I've been driving for right around 2 years. Which is not much compared to most of ya here, but in that time I've done quite a bit. I spent this summer in a '96 Mack CH with a 36" bunk, a 327hp Mack engine, and a 9spd Mack tranny. I pulled a 36ft Trailstar end dump, tri axle with air ride. Last winter I ran a '95 Mack CH with a 427hp Mack engine and a 9 spd Mack tranny pulling a 26 ft' Cobra end dump. This summer I hauled aggregate products and hot asphalt. During the winter I haul beet pulp which is a byproduct of the sugarbeet processing. During the beet harvest, last year I ran a bada$$ '93 Freightliner Severe Service FLD with a 425hp Cat and a 10 spd. I pulled a 28 ft end dump and wow would this thing haul! This year I run a '99 Volvo with a 330hp Cummins. That Freight would really haul the mail, but it's no Mack
I've been driving for about 2 years, not much compared to most here but I grew up around Mack trucks and did some driving before I was legal. This summer I drove a '96 Mack CH with a 327 Mack engine and a 9spd. I pulled a 36ft Trailstar end dump tri axle with air ride. I also hauled hot asphalt in a tri axle belly dump. I had a great time doing this and once I'm out of college I hope to start my own small business with trucks hauling aggregate products and maybe some sort of specialty products. I enjoyed the driving I did because I was home every night. I did do some jobs where I was on the road for a few days to a week, but never more than that. During the winter for extra money, I haul beet pulp which is a byproduct of processing sugar beets. The pulp is used for livestock feed and I hauled this with a '95 Mack CH daycab, 427hp Mack, with a Mack 9 spd. I love Macks and always will. I've driven other trucks such as, Freightliners, Internationals, Volvos, and Kenworths, but none are as special and reliable as a Mack! waytogo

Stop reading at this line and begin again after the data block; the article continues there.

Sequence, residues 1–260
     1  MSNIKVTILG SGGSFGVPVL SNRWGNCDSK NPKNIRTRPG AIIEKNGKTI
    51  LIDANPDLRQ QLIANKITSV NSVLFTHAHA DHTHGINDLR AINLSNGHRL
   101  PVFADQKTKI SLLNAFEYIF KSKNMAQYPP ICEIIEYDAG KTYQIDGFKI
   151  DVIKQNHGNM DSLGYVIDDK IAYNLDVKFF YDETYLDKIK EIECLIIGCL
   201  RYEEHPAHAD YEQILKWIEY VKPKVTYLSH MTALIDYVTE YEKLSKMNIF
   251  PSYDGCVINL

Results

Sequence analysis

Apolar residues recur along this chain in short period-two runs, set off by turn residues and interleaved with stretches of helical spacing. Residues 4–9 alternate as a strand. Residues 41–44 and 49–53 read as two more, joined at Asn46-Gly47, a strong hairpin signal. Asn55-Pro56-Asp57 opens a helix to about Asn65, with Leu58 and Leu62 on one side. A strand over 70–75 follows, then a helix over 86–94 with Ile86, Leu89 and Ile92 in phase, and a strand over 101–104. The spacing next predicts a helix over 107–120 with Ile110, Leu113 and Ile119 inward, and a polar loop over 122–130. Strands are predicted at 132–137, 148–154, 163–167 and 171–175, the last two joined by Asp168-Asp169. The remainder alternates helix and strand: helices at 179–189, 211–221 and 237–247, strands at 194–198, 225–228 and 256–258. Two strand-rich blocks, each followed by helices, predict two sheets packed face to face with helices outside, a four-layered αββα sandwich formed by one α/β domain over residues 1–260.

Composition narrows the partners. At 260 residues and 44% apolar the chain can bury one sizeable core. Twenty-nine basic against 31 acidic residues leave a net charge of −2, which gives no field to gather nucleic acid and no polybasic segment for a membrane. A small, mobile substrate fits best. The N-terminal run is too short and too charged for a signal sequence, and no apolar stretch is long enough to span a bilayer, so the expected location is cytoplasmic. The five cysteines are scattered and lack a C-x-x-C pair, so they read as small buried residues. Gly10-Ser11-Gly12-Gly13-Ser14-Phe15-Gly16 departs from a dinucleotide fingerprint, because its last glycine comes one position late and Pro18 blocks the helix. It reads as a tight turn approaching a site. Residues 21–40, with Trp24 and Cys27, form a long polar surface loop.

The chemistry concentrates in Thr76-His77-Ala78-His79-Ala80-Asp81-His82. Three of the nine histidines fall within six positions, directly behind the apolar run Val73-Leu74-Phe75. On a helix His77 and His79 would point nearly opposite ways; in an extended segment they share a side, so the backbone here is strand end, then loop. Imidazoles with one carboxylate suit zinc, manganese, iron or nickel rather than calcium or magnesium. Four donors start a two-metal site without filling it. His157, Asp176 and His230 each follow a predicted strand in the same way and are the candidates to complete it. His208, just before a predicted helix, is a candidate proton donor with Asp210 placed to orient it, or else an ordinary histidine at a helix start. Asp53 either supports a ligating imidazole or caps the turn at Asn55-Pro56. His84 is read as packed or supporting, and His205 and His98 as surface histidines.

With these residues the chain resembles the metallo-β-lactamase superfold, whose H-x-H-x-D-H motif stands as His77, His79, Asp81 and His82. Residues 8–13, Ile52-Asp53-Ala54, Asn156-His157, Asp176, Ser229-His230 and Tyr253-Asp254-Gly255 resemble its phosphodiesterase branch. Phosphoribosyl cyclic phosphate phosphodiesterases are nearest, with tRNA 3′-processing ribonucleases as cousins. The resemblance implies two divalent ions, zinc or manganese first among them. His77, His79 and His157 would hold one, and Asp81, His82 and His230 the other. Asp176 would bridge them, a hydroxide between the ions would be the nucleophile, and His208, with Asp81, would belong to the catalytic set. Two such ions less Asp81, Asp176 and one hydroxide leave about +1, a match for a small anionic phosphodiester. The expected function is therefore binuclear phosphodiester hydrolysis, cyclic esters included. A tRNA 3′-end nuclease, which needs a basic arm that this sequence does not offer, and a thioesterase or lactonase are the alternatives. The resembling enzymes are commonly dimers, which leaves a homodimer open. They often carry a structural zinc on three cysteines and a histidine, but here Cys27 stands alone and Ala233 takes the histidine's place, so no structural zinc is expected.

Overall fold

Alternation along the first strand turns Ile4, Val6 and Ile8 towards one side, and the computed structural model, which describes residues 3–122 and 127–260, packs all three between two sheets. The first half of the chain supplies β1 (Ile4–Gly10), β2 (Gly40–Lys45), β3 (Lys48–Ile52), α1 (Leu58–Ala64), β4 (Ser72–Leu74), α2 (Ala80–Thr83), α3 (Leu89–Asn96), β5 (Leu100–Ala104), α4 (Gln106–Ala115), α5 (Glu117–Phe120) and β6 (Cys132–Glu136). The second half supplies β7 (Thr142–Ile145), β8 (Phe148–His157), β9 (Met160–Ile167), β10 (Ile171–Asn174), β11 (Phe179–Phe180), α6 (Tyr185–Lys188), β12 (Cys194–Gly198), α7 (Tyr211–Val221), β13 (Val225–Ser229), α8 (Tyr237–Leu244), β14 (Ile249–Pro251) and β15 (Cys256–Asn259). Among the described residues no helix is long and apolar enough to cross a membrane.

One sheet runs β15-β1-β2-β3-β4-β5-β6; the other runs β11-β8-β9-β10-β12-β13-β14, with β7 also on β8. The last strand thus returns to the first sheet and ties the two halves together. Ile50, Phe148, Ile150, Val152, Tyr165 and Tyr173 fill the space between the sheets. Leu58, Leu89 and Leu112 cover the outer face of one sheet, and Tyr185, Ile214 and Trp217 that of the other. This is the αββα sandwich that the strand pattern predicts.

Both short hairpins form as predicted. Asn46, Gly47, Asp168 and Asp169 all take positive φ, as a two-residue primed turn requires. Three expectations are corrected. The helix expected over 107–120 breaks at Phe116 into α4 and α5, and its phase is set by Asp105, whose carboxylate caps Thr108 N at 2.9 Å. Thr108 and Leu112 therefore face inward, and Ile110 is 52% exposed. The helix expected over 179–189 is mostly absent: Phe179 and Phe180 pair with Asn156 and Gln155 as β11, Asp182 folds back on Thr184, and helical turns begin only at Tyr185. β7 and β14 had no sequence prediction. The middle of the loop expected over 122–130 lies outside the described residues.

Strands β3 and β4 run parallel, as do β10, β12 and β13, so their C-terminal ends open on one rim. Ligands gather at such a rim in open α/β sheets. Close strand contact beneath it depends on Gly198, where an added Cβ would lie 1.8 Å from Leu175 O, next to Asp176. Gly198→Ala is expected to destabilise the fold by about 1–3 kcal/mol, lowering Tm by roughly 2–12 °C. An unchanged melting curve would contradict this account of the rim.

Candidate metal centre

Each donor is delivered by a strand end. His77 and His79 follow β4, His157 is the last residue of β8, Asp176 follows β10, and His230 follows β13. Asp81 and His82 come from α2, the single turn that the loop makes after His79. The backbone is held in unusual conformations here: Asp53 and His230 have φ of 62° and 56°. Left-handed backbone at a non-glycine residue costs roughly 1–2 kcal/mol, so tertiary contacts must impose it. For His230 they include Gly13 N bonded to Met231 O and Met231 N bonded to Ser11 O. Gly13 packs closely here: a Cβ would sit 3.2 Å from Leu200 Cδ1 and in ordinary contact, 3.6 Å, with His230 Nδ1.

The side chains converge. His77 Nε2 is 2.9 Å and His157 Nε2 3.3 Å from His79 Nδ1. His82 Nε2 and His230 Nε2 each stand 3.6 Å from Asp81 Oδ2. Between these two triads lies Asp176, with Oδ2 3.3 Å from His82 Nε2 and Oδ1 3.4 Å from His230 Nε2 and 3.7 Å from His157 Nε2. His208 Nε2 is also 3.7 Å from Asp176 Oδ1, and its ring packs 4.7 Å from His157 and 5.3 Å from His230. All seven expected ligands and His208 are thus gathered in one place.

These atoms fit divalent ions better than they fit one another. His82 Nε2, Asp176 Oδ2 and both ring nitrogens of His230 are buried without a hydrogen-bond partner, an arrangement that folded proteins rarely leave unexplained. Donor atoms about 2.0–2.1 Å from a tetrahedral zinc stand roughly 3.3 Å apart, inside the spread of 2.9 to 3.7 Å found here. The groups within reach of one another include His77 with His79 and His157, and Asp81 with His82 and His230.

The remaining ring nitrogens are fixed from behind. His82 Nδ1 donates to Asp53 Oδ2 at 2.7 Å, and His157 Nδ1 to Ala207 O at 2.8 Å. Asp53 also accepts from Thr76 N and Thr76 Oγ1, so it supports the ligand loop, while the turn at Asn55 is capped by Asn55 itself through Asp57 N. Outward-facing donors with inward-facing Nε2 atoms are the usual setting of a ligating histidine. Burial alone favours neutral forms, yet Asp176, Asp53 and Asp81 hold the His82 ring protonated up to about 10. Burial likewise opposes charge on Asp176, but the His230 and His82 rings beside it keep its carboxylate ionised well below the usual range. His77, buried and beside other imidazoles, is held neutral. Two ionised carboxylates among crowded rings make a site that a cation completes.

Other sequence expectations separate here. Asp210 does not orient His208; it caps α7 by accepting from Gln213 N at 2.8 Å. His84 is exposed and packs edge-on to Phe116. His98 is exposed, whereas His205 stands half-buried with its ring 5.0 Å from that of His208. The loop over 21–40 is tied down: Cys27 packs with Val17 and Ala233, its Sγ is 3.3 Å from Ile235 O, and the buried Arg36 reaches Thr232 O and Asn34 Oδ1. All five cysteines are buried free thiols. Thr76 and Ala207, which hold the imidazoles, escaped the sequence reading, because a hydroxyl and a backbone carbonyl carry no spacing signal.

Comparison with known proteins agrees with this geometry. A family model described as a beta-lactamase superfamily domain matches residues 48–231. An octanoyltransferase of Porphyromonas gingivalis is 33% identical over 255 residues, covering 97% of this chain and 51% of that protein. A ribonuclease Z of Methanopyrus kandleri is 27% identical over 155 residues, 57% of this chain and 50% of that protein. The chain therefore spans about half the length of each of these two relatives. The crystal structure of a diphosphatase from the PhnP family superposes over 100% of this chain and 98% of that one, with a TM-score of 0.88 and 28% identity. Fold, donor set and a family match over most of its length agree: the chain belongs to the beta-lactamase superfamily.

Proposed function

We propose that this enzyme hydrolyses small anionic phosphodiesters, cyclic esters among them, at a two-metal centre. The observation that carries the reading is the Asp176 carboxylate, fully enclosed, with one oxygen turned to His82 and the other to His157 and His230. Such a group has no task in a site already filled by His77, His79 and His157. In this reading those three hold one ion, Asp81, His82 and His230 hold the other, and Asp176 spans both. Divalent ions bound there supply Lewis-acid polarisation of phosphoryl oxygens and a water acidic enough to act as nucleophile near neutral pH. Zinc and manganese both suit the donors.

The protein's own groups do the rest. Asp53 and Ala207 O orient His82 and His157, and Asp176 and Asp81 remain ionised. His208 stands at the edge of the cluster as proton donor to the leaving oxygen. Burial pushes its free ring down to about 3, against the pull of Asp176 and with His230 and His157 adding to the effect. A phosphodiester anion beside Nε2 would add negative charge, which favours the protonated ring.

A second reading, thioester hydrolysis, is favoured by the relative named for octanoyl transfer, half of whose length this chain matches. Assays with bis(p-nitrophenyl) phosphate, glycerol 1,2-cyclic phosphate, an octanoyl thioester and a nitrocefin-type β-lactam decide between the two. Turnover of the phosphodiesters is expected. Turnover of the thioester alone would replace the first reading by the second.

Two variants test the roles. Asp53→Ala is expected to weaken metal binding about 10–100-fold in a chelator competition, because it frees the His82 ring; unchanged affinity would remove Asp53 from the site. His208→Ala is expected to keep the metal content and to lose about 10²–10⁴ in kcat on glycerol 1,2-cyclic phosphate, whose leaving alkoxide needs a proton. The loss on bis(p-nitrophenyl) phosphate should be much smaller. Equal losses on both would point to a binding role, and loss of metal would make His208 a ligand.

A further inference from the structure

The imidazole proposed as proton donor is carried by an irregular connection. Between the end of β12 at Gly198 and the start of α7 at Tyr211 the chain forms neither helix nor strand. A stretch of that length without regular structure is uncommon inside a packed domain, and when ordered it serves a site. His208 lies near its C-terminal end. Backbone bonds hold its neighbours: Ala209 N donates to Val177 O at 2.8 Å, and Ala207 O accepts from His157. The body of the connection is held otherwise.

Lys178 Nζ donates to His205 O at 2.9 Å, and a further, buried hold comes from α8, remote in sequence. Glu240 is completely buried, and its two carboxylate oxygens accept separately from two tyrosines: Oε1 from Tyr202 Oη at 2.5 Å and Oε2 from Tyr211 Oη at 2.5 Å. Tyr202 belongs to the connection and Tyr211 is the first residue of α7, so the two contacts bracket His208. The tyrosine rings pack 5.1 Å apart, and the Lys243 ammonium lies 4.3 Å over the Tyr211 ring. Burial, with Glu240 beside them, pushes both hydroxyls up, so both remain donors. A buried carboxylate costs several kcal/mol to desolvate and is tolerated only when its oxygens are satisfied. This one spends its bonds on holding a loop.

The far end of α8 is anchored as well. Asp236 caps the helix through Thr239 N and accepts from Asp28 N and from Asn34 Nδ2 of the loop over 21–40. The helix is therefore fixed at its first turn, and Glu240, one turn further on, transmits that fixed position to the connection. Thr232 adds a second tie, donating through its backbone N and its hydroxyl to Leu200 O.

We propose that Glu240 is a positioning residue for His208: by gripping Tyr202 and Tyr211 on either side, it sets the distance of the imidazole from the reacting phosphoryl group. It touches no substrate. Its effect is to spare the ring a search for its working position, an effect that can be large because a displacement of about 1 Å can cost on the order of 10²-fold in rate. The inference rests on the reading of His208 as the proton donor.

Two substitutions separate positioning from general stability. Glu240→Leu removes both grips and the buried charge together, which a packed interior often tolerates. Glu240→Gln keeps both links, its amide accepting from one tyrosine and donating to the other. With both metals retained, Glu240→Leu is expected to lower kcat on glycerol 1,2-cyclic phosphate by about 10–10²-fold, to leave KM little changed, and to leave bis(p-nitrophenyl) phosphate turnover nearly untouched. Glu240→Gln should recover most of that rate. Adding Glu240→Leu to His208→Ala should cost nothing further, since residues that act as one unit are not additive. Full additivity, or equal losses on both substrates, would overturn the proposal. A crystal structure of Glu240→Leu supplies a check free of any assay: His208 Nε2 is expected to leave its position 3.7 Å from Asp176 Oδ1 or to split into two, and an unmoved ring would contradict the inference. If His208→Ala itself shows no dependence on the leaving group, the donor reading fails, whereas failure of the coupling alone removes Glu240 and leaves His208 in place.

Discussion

I drove for Jim Palmer Trucking, pulled mainly reefers,also pulled for Hoovestol Inc,pulling USMail
Yeah, I've driven/drive truck for Construction work (boom truck, crane, etc.), never OTR though. Sounds like the big companies are driving the Owner-Operators out of business, as if the Govt isn't doing enough themselves. I wish that everyone who gets a regular license would have to ride in a rig for a little while, might make them think twice when they cut one off, drive in blind spots, or just drive like inconsiderate pricks around trucks/ truckers. Ignorance really is bliss I guess, until they get hit with 80K worth of truck.
My grandpa used to do it for the state of Kansas. My one uncle does it for his county and counties around him. My dad owned a couple of semis on the farm when I was a kid. I guess you could say there is a little trucking history in my family and some of it is still going on today.